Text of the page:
Tag Archives: macrobert

REVIEW: Aladdin – macrobert, Stirling

Scotland’s undisputed King of Panto, Johnny McKnight serves up the first treat of the holiday season with his disco-tastic, glitterball spangled version of Aladdin at the macrobert in Stirling.

There are afros, flares and platforms a-plenty as well as enough synthetic fabric to start a disco inferno as we boogie on down to Discotopia. Along with her two kids Wishee Washee (Robert Jack) and Aladdin (Dawn Sievewright), dear old Marge O’Reen Twankey (Andy Clark) runs the last launderette in town, the Dream Cuisine and Dry Clean, an establishment which does a natty turn in pies and bridies as well as washing and ironing.

Marge’s eldest Aladdin is in love with the campest prince in town (Martin McCormick) and as it ever was in Pantoland, the path of true love never runs smooth. In “the worst case of panto romance ever seen”, Aladdin and the blonde hair-flicking, disco-posing object of her affections encounter opposition and obstacles in the form of the Prince’s class-conscious mother (Helen McAlpine) and evil “Aunty” Lilith (a spectacularly clad and suitably menacing Julie Brown), and of course there’s the small matter of a rusty old lamp hidden in a deep dark cave.

As with the best pantomimes there’s as much here for adults as children, there are canny contemporary cultural and political references for the grown ups and the requisite number of slapstick, bum and bogie jokes for the teenies. The music too, manages to include the widest demographic, from 70’s disco and pop classics such as: “Lost in Music”, “Night Fever” and “We Built This City” albeit this time on sausage rolls not rock ‘n’ roll! through current hits: Pharrell’s “Happy” and a knock-out version of Meghan Trainor’s “All About That Bass” from Mrs. Twankey ( an hysterical Andy Clark) to the ubiquitous “Let it Go” from Frozen, which as well as being a sing-a-long favourite with the young audience, provides the perfect vehicle to highlight Dawn Sievewright’s stunning vocals.

McKnight eschews the ordinary panto fare and the writing remains clever and on-point throughout, never needing to resort to cheap smuttiness or crudity to get the laughs. There’s also an excellent take on the famous Abbot and Costello “Who’s on First” sketch, whose wordplay goes down a treat with the young audience,proving that classic writing never fails to be funny.

Complementing the writing is a truly outstanding cast led by some of Scotland’s most highly regarded and accomplished theatre actors. Andy Clark as our beloved dame, deserves a medal, not only for his comedy skills but for agreeing to wear Marge O’Reen’s eye-watering ensembles, all of which seem to feature a bikini!, each entrance is accompanied by gasps and in one instance a covering of the eyes in disbelief at what we are seeing. Robert Jack (a familiar face from the much-loved Gary, Tank Commander) is a revelation, his timing and physical comedy skills are of the highest order, managing to raise laughs even when he’s not at the centre of the action. Dawn Sievewright is a fabulously feisty Aladdin and her vocals are world class. Hilarious support is provided by Helen McAlpine (The Queen/Jeanie) and Martin McCormick (Prince Jasper) – there really is not a weak link anywhere in this production.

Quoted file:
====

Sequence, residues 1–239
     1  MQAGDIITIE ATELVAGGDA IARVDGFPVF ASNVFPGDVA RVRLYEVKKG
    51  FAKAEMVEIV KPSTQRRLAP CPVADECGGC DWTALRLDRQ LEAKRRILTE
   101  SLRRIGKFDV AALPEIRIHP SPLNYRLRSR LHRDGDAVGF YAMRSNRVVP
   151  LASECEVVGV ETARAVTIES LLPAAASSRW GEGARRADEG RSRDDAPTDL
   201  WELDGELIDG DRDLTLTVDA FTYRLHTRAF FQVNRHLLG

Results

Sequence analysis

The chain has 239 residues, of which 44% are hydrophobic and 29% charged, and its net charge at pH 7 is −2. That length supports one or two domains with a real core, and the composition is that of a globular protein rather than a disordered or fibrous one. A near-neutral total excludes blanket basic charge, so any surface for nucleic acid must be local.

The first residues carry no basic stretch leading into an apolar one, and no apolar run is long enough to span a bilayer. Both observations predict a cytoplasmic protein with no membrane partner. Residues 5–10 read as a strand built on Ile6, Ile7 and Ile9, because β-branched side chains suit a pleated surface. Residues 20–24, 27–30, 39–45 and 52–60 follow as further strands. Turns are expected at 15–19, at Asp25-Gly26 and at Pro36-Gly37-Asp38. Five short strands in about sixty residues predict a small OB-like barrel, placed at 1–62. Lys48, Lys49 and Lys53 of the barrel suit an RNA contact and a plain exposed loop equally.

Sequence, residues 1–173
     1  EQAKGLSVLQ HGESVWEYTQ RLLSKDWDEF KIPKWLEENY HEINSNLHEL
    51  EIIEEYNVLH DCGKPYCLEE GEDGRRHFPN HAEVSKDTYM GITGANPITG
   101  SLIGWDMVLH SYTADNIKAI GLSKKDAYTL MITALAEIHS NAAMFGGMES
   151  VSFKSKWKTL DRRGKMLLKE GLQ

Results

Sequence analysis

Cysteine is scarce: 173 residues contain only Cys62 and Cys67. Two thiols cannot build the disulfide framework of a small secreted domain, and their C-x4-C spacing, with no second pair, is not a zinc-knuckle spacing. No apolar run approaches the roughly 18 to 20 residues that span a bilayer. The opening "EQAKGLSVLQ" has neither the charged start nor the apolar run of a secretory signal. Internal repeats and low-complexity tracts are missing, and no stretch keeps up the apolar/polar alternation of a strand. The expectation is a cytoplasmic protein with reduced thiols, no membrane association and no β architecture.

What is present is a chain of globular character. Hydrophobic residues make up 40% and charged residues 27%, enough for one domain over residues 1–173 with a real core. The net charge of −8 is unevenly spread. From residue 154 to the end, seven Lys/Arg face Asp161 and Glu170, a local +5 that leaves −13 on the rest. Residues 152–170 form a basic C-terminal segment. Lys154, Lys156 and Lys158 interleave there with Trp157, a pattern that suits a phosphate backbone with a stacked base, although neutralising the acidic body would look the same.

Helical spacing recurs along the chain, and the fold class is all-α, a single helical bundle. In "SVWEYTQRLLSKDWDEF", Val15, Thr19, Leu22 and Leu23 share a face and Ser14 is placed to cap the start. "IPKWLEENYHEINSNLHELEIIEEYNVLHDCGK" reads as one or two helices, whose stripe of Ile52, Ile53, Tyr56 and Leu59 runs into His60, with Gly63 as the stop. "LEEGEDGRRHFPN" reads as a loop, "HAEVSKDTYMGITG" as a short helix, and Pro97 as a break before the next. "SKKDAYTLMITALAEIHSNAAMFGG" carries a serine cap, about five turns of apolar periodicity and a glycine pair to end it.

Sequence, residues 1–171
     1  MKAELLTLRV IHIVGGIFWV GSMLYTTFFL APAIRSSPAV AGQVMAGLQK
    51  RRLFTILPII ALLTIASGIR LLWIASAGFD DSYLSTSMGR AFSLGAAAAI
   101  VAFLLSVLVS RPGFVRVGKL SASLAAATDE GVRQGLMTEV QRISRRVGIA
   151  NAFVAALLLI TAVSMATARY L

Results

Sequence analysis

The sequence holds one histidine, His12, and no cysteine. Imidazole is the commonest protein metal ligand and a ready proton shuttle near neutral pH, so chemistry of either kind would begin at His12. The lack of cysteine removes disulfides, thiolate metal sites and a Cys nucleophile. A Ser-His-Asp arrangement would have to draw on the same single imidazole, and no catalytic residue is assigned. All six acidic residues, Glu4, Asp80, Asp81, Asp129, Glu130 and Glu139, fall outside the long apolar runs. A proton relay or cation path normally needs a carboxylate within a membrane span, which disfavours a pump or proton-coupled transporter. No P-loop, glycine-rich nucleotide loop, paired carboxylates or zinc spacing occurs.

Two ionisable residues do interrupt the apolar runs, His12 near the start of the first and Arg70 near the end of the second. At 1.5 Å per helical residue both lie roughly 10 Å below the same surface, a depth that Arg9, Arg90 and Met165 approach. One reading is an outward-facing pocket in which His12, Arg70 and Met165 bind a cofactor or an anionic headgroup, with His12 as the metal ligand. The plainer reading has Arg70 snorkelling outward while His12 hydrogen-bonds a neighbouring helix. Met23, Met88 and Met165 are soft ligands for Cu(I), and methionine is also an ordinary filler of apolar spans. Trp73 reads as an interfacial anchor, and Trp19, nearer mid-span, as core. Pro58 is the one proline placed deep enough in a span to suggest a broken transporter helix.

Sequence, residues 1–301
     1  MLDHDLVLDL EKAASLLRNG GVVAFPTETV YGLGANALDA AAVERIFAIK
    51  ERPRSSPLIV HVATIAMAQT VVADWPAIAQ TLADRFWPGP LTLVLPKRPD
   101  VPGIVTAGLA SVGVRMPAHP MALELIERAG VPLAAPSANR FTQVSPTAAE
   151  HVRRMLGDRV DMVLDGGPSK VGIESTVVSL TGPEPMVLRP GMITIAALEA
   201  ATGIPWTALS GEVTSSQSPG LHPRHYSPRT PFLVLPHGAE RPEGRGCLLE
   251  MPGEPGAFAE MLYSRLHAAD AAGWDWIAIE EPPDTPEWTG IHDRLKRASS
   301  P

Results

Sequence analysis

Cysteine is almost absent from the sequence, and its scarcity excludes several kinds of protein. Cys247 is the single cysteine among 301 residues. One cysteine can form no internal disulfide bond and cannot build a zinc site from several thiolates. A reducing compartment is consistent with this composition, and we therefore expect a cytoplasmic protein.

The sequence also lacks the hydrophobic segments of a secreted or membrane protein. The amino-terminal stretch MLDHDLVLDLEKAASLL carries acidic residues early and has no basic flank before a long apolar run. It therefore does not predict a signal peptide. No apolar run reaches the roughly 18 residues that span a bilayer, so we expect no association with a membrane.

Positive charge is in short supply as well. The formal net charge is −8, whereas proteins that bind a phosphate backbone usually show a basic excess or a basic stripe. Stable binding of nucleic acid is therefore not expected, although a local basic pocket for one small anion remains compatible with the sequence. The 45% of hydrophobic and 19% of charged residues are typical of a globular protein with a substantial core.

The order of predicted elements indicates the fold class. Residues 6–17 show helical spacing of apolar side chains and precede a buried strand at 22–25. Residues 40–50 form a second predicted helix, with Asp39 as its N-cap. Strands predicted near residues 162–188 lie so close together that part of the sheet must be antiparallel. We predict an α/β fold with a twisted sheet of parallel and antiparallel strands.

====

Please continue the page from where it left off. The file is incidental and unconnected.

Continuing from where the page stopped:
Mention must be made of the quality of the set design by Karen Tennent and the seamless transitions between the multiple changes, which would put most larger theatres to shame.

There’s no magic carpet here: “we’ve no got the budget”, but this Aladdin is all the better for it. This truly is a Christmas cracker, it’s a witty, wonderful, disco-tastic spectacular for the whole family – the perfect start to the festive season.

Runs until 4th January 2015

Tickets available here: http://www.macrobert.org/event/aladdin/

REVIEW: The River – The Briggait, Glasgow

This review was originally written for the Public Reviews at: http://www.thepublicreviews.com/the-river-the-briggait-glasgow/

Choreographer: Natasha Gilmore

Musical Director: Quee MacArthur

With a cast of 150, Barrowland Ballet’s The River takes us on a literal and artistic journey with dance, live music and song, along the banks of the river on which the city of Glasgow is built – the Clyde.

Exploring the stories of those who make the city their home and the vibrancy they bring to its ever-changing culture, this is a joyous, at times poignant, but ultimately life-affirming story of the pain of leaving and the joy of new beginnings.

Beginning our journey in the Briggait we process Mardi Gras style, accompanied by a brass band, across the busy roads of the city centre to the banks of the river itself. There is dance, music, song and storytelling as we travel along, at times uplifted, at times moved, and often amused.

Much of the joy of the piece is in the reactions of the passers-by as they happen upon this glorious spectacle, made up of both locals and the vast number of tourists in the city for the Commonwealth Games, their curious looks turning to smiles as they embrace this eccentric endeavour.  Indeed the size of the audience seems to swell as the journey progresses.

The mix of traditional and contemporary music is eclectic and entertaining; from traditional work songs through Jimi Hendrix’ “Crosstown Traffic”  to the Proclaimers’ “ 500 Miles”, each is delivered with gusto by the cast. One of the most appealing aspects of the whole production is the sheer joy on the faces of the performers, joy in both their enthusiasm for the piece and joy at the reaction they have elicited from the receptive audience.

This is an uplifting experience, a wonderful opportunity for the citizens of Glasgow to take part in a shared experience that celebrates the ever-changing life of this city. It will send you back onto the streets with joy in your heart and a spring in your step and a renewed pride in this wonderful place.

Reviewed: July 21st

Image: Chih Peng Lucas Kao